Forcing users to use insecure passwords

30. November, 2009

Q: What’s the most efficient way to force your users to use insecure passwords?
A: Try to force them to use secure ones.

What’s a secure password? It’s complicated, unguessable, easy to remember, contains several strange characters, different per site, changed often.

But how much security can you buy with that?

Changing your password helps to lock out people who have cracked your password. But unless they are in for long time surveillance, crackers will abuse your account within five seconds of cracking it. In the usual scenario, (i.e. when the crackers is not your better half), changing your password buys you nothing. It’s enough to wait for a mail which says that you account has been cracked and change the password then.

Different passwords for sites looks like a good idea but this only has an effect when a cracker manages to crack your password in one place and has list of other accounts. Usually, they crack your account for a specific purpose, not to compete in a find-them-all contest. So that doesn’t buy us much, either.

Strange characters look like a good idea until you travel and sit in front of a foreign keyboard in an Internet café. Yay, hide and seek! And if you’re using a complex algorithm to build your password which includes strange characters, you’ll encounter the odd site which expects you to either have more or less strange characters in your passwords. Also, unless you’re a software developer, you’re not used to all the strange symbols which your computer can produce.

Easy to remember is at odds with hard to guess and complicated.

Lastly, good passwords don’t protect you against the most common forms of attack: Phishing and keyloggers.

Links: “So Long, And No Thanks for the Externalities: The Rational Rejection of Security Advice by Users” (Cormac Herley, Microsoft Research)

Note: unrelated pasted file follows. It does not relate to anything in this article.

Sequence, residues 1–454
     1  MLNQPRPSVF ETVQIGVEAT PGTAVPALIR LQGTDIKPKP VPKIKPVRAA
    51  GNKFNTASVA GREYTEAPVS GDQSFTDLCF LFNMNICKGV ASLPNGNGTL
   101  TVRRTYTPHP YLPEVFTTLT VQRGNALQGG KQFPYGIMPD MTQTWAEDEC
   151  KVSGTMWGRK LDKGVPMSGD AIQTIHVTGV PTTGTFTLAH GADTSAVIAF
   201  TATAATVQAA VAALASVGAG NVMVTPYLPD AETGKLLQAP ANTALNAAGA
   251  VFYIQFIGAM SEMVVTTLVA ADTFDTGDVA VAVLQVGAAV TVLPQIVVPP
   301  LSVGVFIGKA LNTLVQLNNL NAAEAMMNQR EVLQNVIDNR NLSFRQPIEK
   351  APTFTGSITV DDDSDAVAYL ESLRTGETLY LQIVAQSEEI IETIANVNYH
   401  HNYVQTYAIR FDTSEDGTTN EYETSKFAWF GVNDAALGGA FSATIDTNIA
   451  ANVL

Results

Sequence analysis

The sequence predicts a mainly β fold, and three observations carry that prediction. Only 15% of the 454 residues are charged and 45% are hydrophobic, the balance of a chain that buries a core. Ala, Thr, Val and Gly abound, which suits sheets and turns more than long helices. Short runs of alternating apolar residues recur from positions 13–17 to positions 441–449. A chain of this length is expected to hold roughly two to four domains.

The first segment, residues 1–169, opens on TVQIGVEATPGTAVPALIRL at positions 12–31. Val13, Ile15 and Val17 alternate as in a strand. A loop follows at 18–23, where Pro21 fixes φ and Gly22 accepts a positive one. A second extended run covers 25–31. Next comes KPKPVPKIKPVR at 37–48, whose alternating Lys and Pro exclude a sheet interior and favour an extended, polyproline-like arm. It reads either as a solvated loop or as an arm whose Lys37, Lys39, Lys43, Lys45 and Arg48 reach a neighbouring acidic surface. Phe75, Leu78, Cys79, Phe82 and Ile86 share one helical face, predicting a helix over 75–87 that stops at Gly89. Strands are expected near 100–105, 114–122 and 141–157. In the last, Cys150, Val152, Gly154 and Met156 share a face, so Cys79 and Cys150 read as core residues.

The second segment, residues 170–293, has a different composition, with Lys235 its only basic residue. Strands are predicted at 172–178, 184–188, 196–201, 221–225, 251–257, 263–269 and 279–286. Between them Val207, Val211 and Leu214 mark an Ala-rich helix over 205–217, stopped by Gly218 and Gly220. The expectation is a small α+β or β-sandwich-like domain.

28. November, 2009

Don’t ask me how to pronounce that, I have no idea. Akaelae is a web-comic by Tiffany Ross. It’s one of those rare gems that warm the heart (and not only by raising your adrenaline level). If you like Stan Sakai’s Usagi Yojimbo or Elfquest, you’ll live this, too. It’s the story of a couple of childhood friends that get in all kinds of adventures at school, home, even space. The focus is rarely on the action but on the emotions and reasons of the characters. It’s about how people can hurt each other and how they deal with it. Here is an example: Darrik, a young, lonely black fox is moving to a new room and wants to say goodbye to a shy albino fox that’s living on the same floor. During the chat, she tells him that the wolves are only keeping them to sell them as slaves later. Which is why she is refusing to take the proficiency tests.

Darrik is confused. “Then aren’t you useless to them? If they’re running a slave trade? Wouldn’t they just sell you instead of feeding you, giving you clothing, art supplies, medical attention?”

Conclusion: Buy. You can find the whole story in the archive or support the starving artists by buying her books as PDF downloads over Lulu.

If you get confused with the characters and the names, visit the ComixPedia page: “The Cyantian Chronicles“.

Note that the site has some technical difficulties (like images not showing up) now and then, but Tiff is always quick to fix that. Drop her a polite note if something lingers for more than a few days.

Adopt a line of code!

24. November, 2009

Why spend all your hard earned money on on-line porn when you can have an offspring by adopting a line of code?

Here are the three latest additions to my family:

Dobalina Digulla:

Oliver Digulla:

Maurizio Digulla:

Another example for “security” by obscurity

24. November, 2009

Sometimes, you’ll need a catchy example why “security by obscurity” is such a bad idea. Here’s one: “Starring The Admin.”

The gist is that a developer of an application was too lazy to implement proper user roles. So the solution was “if the login has ‘**’ in it, I’ll grant admin rights”. That’s it. Anyone can get admin rights just by appending “**” to their login (the app will remove the “**” from the login before checking the it so no changes to the user database are necessary).

Cool, eh? And so simple!